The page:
How, and how not, to disagree on healthcare
“I take your point that countries with SHI systems seem to achieve better outcomes, on the whole. But you haven’t persuaded me that they achieve those outcomes because they are SHI systems.
If we could start from scratch again, there would be a lot to be said for your system. But given where we are starting from, I don’t think it’s worth the hassle of switching to such a system today. Why not compare the NHS to systems that are more similar to it? Why not go for smaller, but more realistically achievable reforms?”
Why do I remember this?
Because in the two and a half years since the book was published, this was pretty much the only non-hysterical criticism I have received. Apart from this outlier, I have only received two types of responses: agreement, and hysterical, rage-fuelled denouncement. Nothing in between. No “You have a point, but…”. No “You may be right about X, but you’re dead wrong on Y and Z.”
That reader is my hero, because they, uniquely, have managed to come up with a perfectly reasonable critique. They demonstrate that it is perfectly possible to disagree with the book’s main conclusion, without misrepresenting the argument, without accusing me of being bribed by American healthcare corporations, and without claiming that my “true” motive was hatred of the poor and the sick.
Which raises the question: why is it that in this day and age, we still cannot sensibly discuss the pros and cons of different healthcare systems? Why can’t we just disagree with a proposal without freaking out about it?
I don’t know the answer, but we can narrow it down a bit by clarifying what this is not about.
One of my colleagues believes that this is simply the result of a lack of exposure to alternative healthcare systems. When we travel abroad, we sample foreign cuisines, beers, wines, and many other things. But unless we live somewhere for a prolonged period, or in the case of an emergency, we usually have little to no experience of other healthcare systems. Combined with our natural – and when it comes to healthcare, quite understandable – risk aversion, this makes us more possessive of the system we know, and are familiar with. It makes us more suspicious, and less open-minded about alternatives than we would be in other areas.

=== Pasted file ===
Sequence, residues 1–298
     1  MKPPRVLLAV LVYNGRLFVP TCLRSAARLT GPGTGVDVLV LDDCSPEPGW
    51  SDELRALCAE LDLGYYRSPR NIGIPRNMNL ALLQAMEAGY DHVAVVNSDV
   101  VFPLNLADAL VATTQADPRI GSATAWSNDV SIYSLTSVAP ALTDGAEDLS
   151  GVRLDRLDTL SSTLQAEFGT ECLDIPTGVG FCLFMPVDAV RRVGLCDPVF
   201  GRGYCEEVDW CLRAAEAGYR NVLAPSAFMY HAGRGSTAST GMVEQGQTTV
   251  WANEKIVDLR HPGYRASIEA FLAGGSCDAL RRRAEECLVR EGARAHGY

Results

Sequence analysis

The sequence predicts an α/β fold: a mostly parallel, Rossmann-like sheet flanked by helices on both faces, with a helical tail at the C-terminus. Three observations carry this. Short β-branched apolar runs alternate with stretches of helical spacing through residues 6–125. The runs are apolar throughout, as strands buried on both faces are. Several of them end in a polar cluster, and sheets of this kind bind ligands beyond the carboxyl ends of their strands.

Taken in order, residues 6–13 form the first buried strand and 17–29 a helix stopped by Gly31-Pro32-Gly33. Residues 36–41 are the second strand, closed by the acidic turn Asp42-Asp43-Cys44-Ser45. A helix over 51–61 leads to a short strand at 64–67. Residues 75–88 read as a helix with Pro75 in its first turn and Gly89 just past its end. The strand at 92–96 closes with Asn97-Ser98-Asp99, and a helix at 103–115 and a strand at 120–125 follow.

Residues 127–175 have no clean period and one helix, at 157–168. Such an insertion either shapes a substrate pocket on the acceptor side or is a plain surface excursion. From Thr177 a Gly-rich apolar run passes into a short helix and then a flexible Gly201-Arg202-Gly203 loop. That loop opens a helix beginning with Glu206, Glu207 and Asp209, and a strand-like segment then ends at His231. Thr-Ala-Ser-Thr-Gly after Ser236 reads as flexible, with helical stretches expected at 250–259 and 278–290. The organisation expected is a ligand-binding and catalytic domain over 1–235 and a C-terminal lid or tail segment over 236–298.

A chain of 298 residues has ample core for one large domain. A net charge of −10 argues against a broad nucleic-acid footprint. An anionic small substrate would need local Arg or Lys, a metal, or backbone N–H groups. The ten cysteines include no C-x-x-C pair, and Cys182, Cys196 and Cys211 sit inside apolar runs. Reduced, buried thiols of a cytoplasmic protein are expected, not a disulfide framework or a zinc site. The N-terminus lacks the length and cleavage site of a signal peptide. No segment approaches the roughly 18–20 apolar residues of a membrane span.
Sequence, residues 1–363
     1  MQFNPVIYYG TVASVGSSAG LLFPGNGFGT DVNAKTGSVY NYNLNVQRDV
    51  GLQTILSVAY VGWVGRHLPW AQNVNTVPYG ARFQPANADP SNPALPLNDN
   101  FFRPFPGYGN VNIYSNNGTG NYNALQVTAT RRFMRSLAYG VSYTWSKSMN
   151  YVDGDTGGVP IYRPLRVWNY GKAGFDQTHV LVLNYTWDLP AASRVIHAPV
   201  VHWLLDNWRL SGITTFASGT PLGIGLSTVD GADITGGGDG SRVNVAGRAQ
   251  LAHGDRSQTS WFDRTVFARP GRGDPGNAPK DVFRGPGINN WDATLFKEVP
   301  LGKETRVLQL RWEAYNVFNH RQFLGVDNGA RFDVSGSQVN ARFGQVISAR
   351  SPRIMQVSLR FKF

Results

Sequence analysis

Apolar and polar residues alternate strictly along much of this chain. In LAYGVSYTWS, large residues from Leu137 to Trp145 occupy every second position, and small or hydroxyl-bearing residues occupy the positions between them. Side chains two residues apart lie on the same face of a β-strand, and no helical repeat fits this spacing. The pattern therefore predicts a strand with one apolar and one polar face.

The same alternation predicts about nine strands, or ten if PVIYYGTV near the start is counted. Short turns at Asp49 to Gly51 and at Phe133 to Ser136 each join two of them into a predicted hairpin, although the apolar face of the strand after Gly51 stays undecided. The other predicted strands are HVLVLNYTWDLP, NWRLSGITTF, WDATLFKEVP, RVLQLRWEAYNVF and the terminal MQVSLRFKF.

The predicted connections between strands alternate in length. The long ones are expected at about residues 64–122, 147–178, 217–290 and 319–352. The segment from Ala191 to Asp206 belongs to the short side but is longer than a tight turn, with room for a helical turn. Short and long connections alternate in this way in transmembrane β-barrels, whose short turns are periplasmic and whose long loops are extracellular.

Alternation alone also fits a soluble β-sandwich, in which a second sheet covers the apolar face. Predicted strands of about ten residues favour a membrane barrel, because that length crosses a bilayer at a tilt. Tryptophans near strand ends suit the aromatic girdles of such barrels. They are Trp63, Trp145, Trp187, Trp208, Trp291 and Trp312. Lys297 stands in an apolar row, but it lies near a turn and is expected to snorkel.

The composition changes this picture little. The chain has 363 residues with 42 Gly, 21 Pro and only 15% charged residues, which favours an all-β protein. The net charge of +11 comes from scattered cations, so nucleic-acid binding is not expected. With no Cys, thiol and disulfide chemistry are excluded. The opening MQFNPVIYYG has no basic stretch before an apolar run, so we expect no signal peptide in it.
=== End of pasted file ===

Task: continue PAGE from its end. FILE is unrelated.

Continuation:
It sounds plausible. But I don’t believe it. Because none of this is specific to healthcare. It is generally true that we usually do not know a lot about how this policy area, or that policy area, is organised in other countries. Why would we? It is not something that is of great use to us in our everyday lives. And yet, this does normally not make us hostile to the suggestion that we should learn from international best practice.
Suppose somebody suggested that we should emulate the Finnish school system, or the Austrian social housing system. (These are not entirely hypothetical examples; I vaguely remember reading articles which more or less made that case.)
My guess is that unless you have a professional interest in one of those areas, or unless you have lived in one of those countries, you will know very little about either schooling in Finland, or social housing in Austria. (I certainly know very little about it.) But I am nonetheless sure that you would not react with anger, indignation or hostility to such a proposal.
You would react with some curiosity. You would ask that person to tell you more about it. How do those systems work? How do they differ from ours? What’s good about them? Would they work here? What are the downsides? Where’s the catch?
Maybe you would be sceptical. Maybe you think that our current school system, or our current social housing sector, is pretty good, and does not need wholesale reform. Maybe you think that conditions in those countries are too different from British ones to offer useful lessons. Maybe you think that you don’t need any lessons from abroad, because you already know what changes ought to be made. Or maybe you would simply listen for a few minutes, learn a bit about that proposal, and then decide that you don’t agree with it. Maybe you would decide, on the basis of that information, that you prefer the system we currently have. And fair enough.
But be that as it may – here is a short list of things that you would definitely not say:
- “Our school system taught me how to read and write. Without it, I would be illiterate. I will not hear a word said against it.”
- “Why are you denigrating our brilliant, dedicated teachers?”
- “I don’t know about social housing in Austria, but I heard that it’s really bad in Ukraine. What if we end up with the Ukrainian system instead?”
- “Easy for you to say. Presumably, you got private housing. If you relied on it, you wouldn’t be so dismissive of our social housing sector!”
- “In the Victorian age, children had to sweep chimneys, and the poor lived in workhouses. With people like you constantly attacking our schooling/social housing system, we are in danger of going back to that!”
- “Our school system/social housing sector is based on an ethos of solidarity, and caring for other people. Maybe you just don’t understand that.”
All of this sounds self-evidently absurd. Yet propose an alternative healthcare system, and you will be inundated with responses along those lines.
What’s the difference?
I don’t know. But maybe pointing out the absurdity in this way is a first step towards challenging it.
Dr Kristian Niemietz is the author of the book “Universal Healthcare Without The NHS”. Download it here for free, or buy the Kindle version here.